In highly regulated industries, there are seemingly endless regulatory and compliance requirements and activities, and they often are inseparable from the underlying risk management activities themselves, including those for third parties.
Since the 2008 financial crisis, the U.S. has arguably become the most complex and costly jurisdiction for regulatory compliance. An article published by World Economic Forum on enterprise risk management points out that banks are “less experienced with non-traditional threats such as cyber risk, strategic risk, operational risk, regulatory risk and legal risk. Making matters trickier, these risks aren’t easily quantified.” The authors also note that “the growth in such risks is virtually unprecedented in the history of banking. This puts a premium on firms’ abilities to make connections and to recognize the complex whole is far greater than the sum of its parts.”
The financial services sector leads the pack in terms of the amount of regulation it is subject to, including the compliance challenges, regulations and laws in near and far-flung jurisdictions, as well as the cost and complexity of compliance, risk management and governance practices. This sector is not alone is the endless struggle to balance costs and compliance. Healthcare, oil and gas, and the tech sector are also struggling with the cost and complexity to managing sector-specific risks and compliance.
I should know – I lived through a very painful and protracted software audit at my current company, Russell Investments, an audit that lasted over eight months from start to end. While the software provider (who I will not name) was completely within their contractual rights, I learned a lot from the experience and would like to share that experience with you – so you can learn from what we did right, and what we did wrong. For the purposes of this blog and my presentation at SIG’s Fall Global Executive Summit, I will call this software provider “Skynet,” but rest assured the real name of the company is one you would easily recognize.
Software audits never happen at a convenient time. Our situation started in late November 2018, near the end of our fiscal year. Our various business groups were scrambling to get their purchase orders approved and issued by year end. Any remaining budget dollars were being used to get a head start on the next fiscal year.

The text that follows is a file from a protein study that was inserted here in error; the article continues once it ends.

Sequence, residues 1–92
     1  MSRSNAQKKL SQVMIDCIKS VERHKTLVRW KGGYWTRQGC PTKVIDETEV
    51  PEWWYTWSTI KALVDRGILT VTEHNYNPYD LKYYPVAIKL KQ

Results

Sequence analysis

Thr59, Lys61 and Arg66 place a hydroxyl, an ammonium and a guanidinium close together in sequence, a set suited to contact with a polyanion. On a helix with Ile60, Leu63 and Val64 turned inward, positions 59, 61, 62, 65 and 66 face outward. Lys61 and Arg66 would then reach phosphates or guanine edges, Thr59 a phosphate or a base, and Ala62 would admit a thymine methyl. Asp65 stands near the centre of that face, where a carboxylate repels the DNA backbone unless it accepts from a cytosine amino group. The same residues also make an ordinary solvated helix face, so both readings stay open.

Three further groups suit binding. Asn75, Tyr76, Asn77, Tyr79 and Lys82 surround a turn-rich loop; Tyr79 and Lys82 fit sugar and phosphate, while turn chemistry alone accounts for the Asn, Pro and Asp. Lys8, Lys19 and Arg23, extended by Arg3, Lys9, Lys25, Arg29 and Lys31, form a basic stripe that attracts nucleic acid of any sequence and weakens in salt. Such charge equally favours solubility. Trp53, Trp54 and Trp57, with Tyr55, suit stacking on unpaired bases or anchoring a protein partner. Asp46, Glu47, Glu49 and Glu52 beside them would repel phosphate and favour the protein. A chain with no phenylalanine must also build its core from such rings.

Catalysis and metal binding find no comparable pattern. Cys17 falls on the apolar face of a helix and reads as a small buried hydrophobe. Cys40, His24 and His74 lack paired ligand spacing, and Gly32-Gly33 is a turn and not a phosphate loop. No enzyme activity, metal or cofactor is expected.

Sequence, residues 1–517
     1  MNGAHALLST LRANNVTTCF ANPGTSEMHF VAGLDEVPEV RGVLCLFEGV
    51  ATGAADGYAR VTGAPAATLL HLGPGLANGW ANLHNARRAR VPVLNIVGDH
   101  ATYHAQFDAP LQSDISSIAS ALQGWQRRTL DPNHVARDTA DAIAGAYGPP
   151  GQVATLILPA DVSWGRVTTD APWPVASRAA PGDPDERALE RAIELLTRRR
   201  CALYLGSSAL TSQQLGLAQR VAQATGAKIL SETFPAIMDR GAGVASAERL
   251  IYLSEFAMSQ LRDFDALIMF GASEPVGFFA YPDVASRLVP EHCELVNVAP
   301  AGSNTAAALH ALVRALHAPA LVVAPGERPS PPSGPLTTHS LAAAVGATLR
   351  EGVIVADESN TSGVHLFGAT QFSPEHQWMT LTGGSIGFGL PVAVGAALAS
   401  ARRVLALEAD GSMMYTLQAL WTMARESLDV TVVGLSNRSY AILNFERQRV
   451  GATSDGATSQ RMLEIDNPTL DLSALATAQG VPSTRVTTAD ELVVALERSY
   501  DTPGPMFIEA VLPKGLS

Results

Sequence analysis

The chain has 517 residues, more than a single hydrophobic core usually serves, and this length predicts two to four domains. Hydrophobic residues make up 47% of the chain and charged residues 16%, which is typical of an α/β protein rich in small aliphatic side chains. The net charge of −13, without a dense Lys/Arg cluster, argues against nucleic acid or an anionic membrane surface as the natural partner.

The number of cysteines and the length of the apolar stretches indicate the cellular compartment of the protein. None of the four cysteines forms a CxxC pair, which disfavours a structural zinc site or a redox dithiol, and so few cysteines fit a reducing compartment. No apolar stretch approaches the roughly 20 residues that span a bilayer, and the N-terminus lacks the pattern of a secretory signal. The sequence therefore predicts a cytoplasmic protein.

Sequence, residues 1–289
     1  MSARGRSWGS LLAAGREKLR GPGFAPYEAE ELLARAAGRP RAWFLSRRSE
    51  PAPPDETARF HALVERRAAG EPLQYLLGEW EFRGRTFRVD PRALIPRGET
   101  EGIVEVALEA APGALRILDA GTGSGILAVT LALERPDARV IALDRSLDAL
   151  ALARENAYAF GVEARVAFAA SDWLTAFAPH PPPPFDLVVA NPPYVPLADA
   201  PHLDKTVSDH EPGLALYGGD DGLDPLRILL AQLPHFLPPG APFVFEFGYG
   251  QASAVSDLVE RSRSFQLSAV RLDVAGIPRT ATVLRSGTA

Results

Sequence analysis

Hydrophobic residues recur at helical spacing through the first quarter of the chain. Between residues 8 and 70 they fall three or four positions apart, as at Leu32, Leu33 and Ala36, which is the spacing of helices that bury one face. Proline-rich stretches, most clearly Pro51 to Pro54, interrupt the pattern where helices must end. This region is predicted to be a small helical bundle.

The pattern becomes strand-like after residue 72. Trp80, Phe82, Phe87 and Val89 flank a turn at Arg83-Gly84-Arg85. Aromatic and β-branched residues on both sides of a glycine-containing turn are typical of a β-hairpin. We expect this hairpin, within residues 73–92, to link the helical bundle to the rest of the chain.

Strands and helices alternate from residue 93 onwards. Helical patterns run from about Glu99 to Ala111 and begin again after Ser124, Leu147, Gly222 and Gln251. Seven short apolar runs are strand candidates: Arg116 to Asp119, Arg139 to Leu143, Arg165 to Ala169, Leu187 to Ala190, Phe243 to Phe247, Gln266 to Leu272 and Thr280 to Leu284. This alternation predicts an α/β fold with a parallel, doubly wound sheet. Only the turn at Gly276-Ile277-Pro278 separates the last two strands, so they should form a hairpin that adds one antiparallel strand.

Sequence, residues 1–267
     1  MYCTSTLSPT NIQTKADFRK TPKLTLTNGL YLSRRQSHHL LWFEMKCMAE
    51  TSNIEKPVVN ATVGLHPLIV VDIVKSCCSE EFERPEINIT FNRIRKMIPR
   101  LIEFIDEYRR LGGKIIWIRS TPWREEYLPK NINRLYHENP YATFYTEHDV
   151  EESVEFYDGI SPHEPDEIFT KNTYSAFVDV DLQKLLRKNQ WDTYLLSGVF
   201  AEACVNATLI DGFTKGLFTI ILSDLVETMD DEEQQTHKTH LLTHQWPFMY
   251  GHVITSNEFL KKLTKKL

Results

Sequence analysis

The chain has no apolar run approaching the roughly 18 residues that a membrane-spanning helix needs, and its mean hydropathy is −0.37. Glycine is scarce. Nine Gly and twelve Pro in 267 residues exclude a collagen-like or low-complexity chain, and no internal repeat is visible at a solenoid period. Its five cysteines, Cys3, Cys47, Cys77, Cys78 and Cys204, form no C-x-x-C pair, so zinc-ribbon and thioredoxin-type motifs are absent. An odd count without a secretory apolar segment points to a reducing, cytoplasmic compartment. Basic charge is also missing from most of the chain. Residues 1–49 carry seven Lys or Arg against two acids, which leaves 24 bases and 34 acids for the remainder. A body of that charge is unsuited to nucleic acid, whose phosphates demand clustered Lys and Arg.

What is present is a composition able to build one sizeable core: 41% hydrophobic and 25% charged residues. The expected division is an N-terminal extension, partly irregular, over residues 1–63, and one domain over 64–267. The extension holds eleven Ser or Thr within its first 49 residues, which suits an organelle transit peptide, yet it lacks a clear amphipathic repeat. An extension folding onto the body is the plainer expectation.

Skynet sent a letter to our CFO saying that we had been “selected” to receive a software license review. The word “audit” was never used in the letter. Audits are highly profitable for software companies – companies can operate within their contractual rights, as audits have a high ROI. Why? Because most clients do not have a firm grasp on the number of software licenses purchased or deployed (either on-prem or in the cloud).
Contracting is one of the most important parts of the sourcing process – this is one of the final steps in the process before (or in parallel with) implementation and it documents all terms and conditions agreed to by both parties throughout the sourcing engagement. While it is one of the most important steps in a sourcing engagement, it can also be one of the most painful with numerous rounds of revisions and reviewing legalese that can extend out a project timeline substantially at times. As a Sourcing professional, I’ve reviewed my share of contracts ranging from one page agreements to lengthy contracts with multiple attachments and exhibits. Each contracting experience is different, some have gone smoothly and are wrapped up in a few days’ time, while others took months to come to agreement on the final language. I will highlight a few recent experiences with contracting and some of the lessons learned that can be applied to others in similar situations.
Don’t skip the contract just because of a low spend figure.
On a recent project, my team was brought in to negotiate with a local hardware store that was used regularly for as needed supplies at a local manufacturing plant. Upon further investigation, we learned that the client had already negotiated a discount structure with this supplier earlier in the year, but there was no formal documentation because the annual spend with the supplier was below the threshold when contracts are required.
In my last blog, I spoke about ethical sourcing and the many benefits it can have for your company. Seems like a no-brainer, right? When attempting to put in a plan to obliterate unethical practices in your supply chain, it starts to be risky business. The best way to mitigate risk is to set up a solid plan and be diligent about following through with it.
In my research to find a clear plan to mitigate unethical practices, I found a slew of proposed methods. Unfortunately, I felt that many of them seemed too simple—basically, too easy and too good to be true. I finally came across a solid and thorough plan proposed by Declan Kearney, the founder of 360° Supplier View, who shares tips with companies to ensure ethical sourcing practices in their supply chain.
Do Your Research
Make sure you do your research on your suppliers…and their suppliers. With myriad complex regulations now put in place, go out and learn from case studies and the resources that will act as a survival guide as you attempt to research your vendors and suppliers.
Stay Away from the Fat Cat
Assess whether the higher-ups in your supplier organization are well known or politically aligned. These individuals are more susceptible to bribery or corruption.